[0071] Electrical current (not shown) is supplied to the conductors in each conductor array by the control system 22. For each housing mover 64, 66, 68, the electrical current in the conductors interacts with the magnetic field(s) generated by the one or more of the magnets in the magnet array. This causes a force (Lorentz type force) between the conductors and the magnets that can be used to move the stage 14 relative to the guide base 12.

[0072] Specifically, the reaction component 70 and the moving component 72 of each X housing mover 64, 66 interact to selectively move the stage body 50 along the X axis and about the Z axis relative to the guide base 12. In the embodiment illustrated in FIGS. 1 and 2, each X housing mover 64, 66 is somewhat similar to a commutated, voice coil motor. Further, in the embodiment illustrated in FIGS. 1 and 2, the X housing movers 64, 66 share the same reaction component 70. In this embodiment, the reaction component 70 includes a pair of spaced apart magnet arrays that are secured to a generally “C” shaped X reaction housing 74. As illustrated in FIG. 1 and in phantom in FIG. 2, the magnets of the shared reaction component 70 of the X housing movers 64, 66 extend longitudinally along the reaction housing 74.

[0073] Referring to FIG. 8, the X reaction housing 74 can be secured to the apparatus frame 202 and the mounting base 24 with an X beam 76. Alternately, for example, the X reaction housing 74 can be secured to the mounting base 24 with a reaction frame or the X reaction housing 74 can be secured to a reaction mass.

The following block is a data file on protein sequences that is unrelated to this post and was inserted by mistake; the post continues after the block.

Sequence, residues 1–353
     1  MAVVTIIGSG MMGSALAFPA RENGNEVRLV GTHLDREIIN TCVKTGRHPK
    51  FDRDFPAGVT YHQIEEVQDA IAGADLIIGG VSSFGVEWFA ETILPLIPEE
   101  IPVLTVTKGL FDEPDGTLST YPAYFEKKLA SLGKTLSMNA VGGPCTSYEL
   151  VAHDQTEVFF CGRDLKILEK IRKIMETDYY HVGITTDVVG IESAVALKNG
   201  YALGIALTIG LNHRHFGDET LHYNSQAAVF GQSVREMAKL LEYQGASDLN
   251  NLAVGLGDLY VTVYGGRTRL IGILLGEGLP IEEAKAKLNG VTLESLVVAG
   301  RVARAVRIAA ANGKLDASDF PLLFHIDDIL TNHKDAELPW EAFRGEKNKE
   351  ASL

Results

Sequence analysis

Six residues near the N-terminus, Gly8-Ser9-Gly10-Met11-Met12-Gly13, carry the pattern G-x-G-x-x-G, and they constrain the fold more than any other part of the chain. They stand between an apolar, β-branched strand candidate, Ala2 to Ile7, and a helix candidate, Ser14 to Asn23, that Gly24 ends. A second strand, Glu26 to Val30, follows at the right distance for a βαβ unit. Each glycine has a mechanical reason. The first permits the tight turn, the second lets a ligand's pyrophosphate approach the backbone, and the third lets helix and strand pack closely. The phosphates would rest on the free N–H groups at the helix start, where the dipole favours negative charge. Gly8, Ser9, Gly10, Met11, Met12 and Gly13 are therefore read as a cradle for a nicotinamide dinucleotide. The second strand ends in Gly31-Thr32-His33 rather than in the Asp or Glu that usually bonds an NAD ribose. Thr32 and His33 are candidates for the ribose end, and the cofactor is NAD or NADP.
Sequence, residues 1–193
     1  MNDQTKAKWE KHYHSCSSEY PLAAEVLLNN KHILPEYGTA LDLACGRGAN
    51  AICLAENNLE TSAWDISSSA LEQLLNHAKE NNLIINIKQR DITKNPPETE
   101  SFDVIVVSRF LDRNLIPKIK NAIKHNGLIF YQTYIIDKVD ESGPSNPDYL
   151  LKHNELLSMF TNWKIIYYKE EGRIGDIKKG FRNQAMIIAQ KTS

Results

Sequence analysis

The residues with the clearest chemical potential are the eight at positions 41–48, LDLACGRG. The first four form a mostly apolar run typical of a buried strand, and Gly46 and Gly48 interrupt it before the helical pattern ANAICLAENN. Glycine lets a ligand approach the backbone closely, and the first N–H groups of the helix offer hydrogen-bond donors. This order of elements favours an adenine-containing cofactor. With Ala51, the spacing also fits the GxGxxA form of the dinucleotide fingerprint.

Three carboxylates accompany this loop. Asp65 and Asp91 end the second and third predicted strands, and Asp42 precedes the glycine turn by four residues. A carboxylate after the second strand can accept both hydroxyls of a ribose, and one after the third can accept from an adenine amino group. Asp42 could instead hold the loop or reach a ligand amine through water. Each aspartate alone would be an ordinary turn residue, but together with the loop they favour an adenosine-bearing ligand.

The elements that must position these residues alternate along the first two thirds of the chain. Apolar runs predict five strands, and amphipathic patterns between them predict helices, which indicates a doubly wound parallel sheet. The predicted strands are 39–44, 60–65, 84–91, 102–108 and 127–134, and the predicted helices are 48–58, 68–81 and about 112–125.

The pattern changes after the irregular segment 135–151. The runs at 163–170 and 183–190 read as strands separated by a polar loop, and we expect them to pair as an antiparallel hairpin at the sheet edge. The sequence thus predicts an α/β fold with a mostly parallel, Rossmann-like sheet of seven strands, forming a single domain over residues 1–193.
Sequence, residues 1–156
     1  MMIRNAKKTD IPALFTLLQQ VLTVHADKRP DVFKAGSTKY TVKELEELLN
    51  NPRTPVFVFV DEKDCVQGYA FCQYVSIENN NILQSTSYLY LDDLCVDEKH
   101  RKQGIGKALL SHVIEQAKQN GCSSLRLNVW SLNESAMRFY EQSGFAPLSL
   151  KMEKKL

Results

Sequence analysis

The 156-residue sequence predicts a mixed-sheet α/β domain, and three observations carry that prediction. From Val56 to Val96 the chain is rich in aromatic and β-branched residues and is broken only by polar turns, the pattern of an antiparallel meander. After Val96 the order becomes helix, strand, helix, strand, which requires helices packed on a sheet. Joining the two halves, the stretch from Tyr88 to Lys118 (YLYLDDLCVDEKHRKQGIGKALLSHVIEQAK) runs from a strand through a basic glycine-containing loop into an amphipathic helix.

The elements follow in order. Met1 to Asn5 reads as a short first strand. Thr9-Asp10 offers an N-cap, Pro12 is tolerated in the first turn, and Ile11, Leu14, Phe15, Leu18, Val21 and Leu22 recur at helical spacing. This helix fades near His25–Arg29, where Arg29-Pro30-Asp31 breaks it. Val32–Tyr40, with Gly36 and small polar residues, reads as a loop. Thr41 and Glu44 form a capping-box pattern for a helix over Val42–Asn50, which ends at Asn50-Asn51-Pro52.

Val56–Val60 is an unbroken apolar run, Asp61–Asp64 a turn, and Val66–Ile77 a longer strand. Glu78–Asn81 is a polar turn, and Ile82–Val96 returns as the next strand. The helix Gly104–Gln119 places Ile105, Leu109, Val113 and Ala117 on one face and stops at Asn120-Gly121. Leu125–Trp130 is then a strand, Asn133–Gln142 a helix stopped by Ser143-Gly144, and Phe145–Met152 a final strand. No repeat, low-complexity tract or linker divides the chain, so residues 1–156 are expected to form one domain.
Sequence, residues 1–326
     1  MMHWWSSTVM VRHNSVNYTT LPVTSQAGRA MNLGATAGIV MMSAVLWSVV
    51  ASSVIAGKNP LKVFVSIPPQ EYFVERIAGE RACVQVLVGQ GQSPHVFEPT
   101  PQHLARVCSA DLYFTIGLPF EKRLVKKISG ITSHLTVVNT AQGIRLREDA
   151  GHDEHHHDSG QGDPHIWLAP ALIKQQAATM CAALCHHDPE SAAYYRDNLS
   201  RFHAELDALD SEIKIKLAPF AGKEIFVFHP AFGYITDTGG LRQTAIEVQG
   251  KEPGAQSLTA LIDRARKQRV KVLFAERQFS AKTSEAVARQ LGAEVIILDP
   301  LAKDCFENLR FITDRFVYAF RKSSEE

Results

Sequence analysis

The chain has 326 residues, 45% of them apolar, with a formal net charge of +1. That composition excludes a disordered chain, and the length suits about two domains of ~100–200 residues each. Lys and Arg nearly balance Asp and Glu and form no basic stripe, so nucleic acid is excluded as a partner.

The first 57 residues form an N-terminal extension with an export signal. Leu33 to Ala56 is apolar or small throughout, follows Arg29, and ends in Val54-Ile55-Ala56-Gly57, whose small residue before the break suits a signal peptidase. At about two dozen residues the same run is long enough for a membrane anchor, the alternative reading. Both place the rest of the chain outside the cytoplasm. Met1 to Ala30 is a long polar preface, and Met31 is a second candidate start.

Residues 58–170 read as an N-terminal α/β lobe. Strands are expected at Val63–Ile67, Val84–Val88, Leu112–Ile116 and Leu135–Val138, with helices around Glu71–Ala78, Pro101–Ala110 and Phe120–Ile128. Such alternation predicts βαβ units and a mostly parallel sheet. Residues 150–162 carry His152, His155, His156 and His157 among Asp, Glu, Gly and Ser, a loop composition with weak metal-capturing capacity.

[0074] Also, in the embodiment illustrated in the Figures, the moving component 72 for each of the X housing movers 64, 66 includes a separate conductor array that is supported by a generally rectangular shaped, X array support 78 and positioned between the magnet arrays. In this design, each of the X array supports 78 is secured to and cantilevers away from the first housing side 56 of the stage body 50. With this design, the moving component 72 of each X housing mover 64, 66 is secured to the stage body 50. The length of the X array support 78 depends upon the desired stroke of the X housing movers 64, 66 along the X axis.